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How the EU is plotting a course out of COVID debt to greener future

In partnership with The European Commission
How the EU is plotting a course out of COVID debt to greener future
Copyright euronews
Copyright euronews
By Euronews
Published on
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The next EU Commission will have to cope with a legacy of debt accummulated out of necessity by its predecessor in response to the Covid crisis and the Ukraine War. Instruments are in place to both control debt and invest in the future, but challenging times lie ahead.

Few singular geopoltical events have shaped EU policymaking as profoundly as the Covid 19 pandemic and the war in Ukraine. The collective response by Brussels' institutions to these unprecedented challenges came to dominate and define the five-year agenda and achievements of the current Commission and EU parliament. First among those was the huge €800 billion NextGenerationEU fund, which was designed to accelerate the bloc’s post-pandemic recovery and green and digital transition. It saw member states issue joint debt for the first time; a truly historic development that had previously been fiercely resisted by the so-called 'frugal countries', even during the height of the finanancial crisis that erupted in 2010. A key mechanism within the NextGenEU fund was The Recovery and Resilience Facility:

Recovery and Resilience Facility

COVID also forced Brussels to temporarily abandon its fiscal limits, another radical step. Since then many member states have racked up record debt-to-GDP ratios, an issue the energy shock and high inflation of 2022 only exacerbated. Hugeh expenditure levels were envisaged as an essential component of the bloc's efforts to exit from the pandemic emergency, but they now cast a shadow over its future spending ambitions to achieve green goals. 

EU DEBT LEVELS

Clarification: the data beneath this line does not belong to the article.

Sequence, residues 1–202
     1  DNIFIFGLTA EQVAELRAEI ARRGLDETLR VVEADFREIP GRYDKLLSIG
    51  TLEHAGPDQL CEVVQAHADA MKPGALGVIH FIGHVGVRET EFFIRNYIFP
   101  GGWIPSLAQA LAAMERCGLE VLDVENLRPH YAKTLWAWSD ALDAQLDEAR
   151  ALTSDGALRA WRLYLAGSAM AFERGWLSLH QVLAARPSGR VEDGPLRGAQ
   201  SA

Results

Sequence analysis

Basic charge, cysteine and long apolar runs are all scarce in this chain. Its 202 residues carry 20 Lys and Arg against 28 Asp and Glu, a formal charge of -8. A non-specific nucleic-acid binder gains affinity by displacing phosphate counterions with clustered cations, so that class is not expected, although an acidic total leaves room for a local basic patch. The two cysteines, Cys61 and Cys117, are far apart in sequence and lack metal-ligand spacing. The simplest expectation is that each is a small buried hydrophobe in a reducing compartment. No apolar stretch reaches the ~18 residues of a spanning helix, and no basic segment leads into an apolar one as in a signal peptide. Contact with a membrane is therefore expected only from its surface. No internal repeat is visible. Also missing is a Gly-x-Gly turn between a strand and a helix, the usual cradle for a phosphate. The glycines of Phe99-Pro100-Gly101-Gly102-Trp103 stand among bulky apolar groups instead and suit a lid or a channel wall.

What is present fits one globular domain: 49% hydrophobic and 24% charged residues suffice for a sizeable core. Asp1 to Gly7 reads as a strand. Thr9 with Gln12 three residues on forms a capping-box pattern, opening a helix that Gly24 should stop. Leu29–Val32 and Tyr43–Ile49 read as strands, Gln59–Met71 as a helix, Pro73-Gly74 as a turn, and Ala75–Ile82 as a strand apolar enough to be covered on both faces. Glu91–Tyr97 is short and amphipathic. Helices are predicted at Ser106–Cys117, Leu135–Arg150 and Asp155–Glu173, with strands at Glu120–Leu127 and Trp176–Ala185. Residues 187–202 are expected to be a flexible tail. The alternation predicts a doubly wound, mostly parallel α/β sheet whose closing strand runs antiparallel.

TOWARDS DEBT CONTROL

Recently reformed spending rules aim to bring these gradually back under control. On 30 April 2024, the new economic governance framework entered into force. The Commission says the main objectives of the new framework are "to strengthen Member States' debt sustainability, and promote sustainable and inclusive growth in all Member States through growth-enhancing reforms and priority investments." It adds "the  framework helps to make the EU more competitive and better prepared for future challenges by supporting progress towards a green, digital, inclusive and resilient economy." 

The rules impose a return to the old thresholds of deficits at 3% and debt at 60% of annual GDP respectively, but in significant departure from the previous regime member states have been given more flexibility on how they go about debt reduction.

BALANCING DEBT WITH INVESTMENT

This approach, it's claimed, will put debt on a downward path while adhering to in-built fiscal safeguards. The new framework "facilitates and encourages Member States to implement the measures needed to secure the green and digital transitions, strengthen economic and social resilience and bolster Europe's security capacity."  

The policy comes into force as the EU exits a uniquely troubled five-year parliamentary term and prepares to enter a new one. During this coming cycle post-pandemic funds are due to end in 2026, which will provide a severe test for the new debt control framework and also reveal how well Europe is set to invest in its transition to a green future and  compete with global rivals, especially China.

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